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  1. A South Carolina Chronology, 1497–1992 (2nd ed. 1994) Spruill, Marjorie Julian et al. eds. South Carolina Women: Their Lives and Times (3 vol, 2009–12) long scholarly biographies; Wallace, David Duncan. South Carolina: A Short History, 1520–1948 (1951) online standard scholarly history; WPA.

  2. The Liberty Flag used by Moultrie's men formed the basis of the later South Carolina flag, and the victory's anniversary continues to be commemorated as Carolina Day. Making the capture of Charlestown their chief priority, the British sent Sir Henry Clinton , who laid siege to Charleston on April 1, 1780, with about 14,000 troops and 90 ships. [51]

  3. Province of Carolina was a province of England (1663–1707) and Great Britain (1707–1712) that existed in North America and the Caribbean from 1663 until partitioned into North and South on January 24, 1712. It is part of present-day Alabama, Georgia, Mississippi, North Carolina, South Carolina, Tennessee, and The Bahamas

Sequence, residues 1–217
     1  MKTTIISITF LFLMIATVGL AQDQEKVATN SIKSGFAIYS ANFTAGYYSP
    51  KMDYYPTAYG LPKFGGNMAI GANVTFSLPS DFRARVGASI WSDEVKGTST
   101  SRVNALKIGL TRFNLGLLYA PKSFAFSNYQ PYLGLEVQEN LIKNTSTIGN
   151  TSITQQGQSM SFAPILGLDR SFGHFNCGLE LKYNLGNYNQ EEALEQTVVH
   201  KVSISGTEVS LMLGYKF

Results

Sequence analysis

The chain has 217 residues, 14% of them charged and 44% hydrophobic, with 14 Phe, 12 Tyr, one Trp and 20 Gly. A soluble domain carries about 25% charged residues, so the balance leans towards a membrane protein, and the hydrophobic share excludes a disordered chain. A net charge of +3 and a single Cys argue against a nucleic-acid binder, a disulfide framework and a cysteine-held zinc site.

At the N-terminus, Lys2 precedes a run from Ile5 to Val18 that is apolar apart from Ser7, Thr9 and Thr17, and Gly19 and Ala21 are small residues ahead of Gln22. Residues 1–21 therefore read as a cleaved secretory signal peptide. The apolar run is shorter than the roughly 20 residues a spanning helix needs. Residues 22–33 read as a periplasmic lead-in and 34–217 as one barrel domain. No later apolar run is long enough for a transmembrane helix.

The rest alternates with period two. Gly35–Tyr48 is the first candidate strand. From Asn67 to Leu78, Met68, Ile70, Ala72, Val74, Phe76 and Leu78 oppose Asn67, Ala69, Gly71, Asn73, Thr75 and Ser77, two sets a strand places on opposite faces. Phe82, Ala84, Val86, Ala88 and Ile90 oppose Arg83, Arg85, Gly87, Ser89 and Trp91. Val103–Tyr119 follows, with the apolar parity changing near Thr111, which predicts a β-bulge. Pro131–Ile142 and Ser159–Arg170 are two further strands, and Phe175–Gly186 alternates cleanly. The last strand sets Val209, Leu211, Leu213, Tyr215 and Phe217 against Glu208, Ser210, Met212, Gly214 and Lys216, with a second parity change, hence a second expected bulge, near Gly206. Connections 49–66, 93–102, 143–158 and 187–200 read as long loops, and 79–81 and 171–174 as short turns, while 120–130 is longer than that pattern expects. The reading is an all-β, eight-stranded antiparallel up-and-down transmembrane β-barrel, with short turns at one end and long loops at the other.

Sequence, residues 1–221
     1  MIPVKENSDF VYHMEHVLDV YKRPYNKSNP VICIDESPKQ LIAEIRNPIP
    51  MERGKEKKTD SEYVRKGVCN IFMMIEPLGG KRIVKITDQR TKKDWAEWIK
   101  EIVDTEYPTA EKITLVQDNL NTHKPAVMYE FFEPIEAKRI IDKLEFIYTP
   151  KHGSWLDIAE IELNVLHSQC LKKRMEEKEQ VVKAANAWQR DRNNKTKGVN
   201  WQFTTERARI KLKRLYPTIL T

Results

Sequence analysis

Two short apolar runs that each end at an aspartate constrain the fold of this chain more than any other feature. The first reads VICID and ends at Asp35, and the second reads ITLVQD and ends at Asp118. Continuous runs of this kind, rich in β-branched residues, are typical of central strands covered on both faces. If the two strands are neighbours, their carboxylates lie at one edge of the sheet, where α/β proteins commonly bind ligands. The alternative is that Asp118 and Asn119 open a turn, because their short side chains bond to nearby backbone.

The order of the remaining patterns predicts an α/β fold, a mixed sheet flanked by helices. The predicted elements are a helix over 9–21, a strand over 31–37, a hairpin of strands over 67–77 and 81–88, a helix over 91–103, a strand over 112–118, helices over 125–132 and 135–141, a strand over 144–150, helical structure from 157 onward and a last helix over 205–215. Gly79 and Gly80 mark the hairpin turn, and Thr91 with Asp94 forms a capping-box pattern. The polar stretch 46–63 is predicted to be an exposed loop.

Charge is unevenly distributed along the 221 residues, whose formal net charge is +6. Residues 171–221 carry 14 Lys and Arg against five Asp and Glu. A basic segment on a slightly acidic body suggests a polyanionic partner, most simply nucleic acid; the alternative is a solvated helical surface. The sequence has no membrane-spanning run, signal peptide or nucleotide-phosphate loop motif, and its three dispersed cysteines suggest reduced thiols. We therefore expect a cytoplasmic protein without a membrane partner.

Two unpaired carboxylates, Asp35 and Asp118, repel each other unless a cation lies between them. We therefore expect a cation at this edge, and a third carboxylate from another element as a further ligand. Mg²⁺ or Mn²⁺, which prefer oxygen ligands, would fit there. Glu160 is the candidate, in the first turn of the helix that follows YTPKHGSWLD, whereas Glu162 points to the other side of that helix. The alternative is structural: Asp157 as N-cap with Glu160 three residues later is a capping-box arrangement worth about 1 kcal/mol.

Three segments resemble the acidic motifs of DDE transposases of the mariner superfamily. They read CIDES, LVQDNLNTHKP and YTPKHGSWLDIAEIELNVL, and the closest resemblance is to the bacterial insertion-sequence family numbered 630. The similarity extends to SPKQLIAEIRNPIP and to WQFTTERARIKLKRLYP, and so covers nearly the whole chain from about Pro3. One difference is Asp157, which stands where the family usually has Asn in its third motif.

4. Georgia is a state in the Southeastern region of the United States, bordered to the north by Tennessee and North Carolina; to the northeast by South Carolina; to the southeast by the Atlantic Ocean; to the south by Florida; and to the west by Alabama. Georgia is the 24th-largest state in area and 8th most populous of the 50 United States.

  5. Greene, Dorothy M. – A Conspectus of the Mosses of Antarctica, South Georgia, the Falkland Islands and Southern South America. Gregory, J. W. – Geological Relations and Some Fossils of South Georgia. [ISBN missing] Hardy, A. C. and E. R. Gunther – The Plankton of the South Georgia Whaling Grounds and Adjacent Waters, 1926–1927.

  6. 1787 - Georgia withdrew its claims to the land between the Tugaloo and Keowee rivers by the Treaty of Beaufort with South Carolina. 1816 - Under pressure from encroaching European Americans, the Cherokee sold their remaining South Carolina land. 1850s - The largest town in the county was Tunnel Hill, located above Stumphouse Mountain Tunnel.

  7. Settled by the English in 1670, the colony named for King Charles I was split into North and South Carolina in 1710. Largely agricultural, settlers relied heavily on the slave trade to work rice ...

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